Cross trading occurs when a stock broker sells a security from one of his customers to another, rather than trading a security on an exchange. This practice effectively creates an exchange between clients and opens the door for one or both parties not receive less than the best price for either portion of the transaction. Clearing firms are required to disclose cross trades on trade confirmations, however they are often coded and are not readily apparent to customers.
In theory, cross trades can benefit clients because it may enable a stockbroker to move securities between client accounts without exposing the securities to the stock market. In practice, however, cross trading is often an extremely improper practice, as brokers have duties to their client and must always seek to obtain the best execution for their buying and selling clients. It is the brokers duty to provide beneficial advise to both parties before executing a cross trade and this can be virtually impossible given the nature of these transactions.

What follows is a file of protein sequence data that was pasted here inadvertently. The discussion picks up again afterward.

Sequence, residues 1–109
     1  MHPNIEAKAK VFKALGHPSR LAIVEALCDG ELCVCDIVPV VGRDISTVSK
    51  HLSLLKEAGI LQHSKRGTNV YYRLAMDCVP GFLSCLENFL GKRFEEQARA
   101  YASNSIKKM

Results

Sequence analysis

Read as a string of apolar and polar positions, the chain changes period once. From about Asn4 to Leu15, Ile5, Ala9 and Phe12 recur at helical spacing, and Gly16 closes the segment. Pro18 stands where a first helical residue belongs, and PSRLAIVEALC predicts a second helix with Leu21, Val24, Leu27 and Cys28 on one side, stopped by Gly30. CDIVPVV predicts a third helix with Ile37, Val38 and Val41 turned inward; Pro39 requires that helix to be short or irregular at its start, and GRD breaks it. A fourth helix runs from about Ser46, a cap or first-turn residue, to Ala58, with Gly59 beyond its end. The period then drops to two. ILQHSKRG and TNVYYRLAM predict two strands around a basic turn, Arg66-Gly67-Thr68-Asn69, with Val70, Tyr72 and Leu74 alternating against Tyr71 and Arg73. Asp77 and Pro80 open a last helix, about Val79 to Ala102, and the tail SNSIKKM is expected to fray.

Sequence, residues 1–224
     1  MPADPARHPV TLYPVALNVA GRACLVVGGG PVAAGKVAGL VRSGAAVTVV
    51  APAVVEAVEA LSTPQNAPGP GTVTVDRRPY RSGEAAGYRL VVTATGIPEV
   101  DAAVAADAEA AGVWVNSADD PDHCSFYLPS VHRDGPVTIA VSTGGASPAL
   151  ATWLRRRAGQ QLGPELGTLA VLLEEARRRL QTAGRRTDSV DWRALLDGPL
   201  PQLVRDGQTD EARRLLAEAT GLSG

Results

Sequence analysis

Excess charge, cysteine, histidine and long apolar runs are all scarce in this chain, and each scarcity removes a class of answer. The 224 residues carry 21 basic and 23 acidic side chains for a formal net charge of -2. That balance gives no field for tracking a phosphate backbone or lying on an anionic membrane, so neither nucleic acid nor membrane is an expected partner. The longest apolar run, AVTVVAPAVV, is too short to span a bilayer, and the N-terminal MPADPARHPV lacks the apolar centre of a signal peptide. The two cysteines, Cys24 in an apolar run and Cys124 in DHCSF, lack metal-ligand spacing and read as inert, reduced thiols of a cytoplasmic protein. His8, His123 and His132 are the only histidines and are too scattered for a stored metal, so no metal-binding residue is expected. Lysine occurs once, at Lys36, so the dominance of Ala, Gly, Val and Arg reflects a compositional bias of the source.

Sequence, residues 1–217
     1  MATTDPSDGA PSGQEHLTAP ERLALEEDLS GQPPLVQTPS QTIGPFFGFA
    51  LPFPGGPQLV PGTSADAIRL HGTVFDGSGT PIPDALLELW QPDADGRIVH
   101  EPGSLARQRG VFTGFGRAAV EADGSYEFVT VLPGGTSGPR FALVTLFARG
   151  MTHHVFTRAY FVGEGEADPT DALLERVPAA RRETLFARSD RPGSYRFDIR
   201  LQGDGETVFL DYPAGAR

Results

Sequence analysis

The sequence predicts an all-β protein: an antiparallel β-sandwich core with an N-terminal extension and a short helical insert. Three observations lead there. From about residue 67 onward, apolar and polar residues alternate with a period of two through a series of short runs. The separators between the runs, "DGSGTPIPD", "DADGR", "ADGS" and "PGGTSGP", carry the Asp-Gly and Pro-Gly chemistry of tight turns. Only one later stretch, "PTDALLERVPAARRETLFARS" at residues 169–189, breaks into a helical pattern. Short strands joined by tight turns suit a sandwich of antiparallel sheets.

Because of the potential issues with cross trading, many government and self -regulatory organizations have established rules that set forth when and how the cross trade may be utilized. For example, in the United States, a stockbroker must be prepared to present evidence to the Securities and Exchange Commission, on why this type of transaction took place, and what benefit both parties received from the transaction.
Typically, this is yet another way for a broker to rip you off. When the trade doesn’t get recorded through the exchange, there is a good chance that one client didn’t get the best price.
Fitapelli Kurta: Client Alert Cross Trading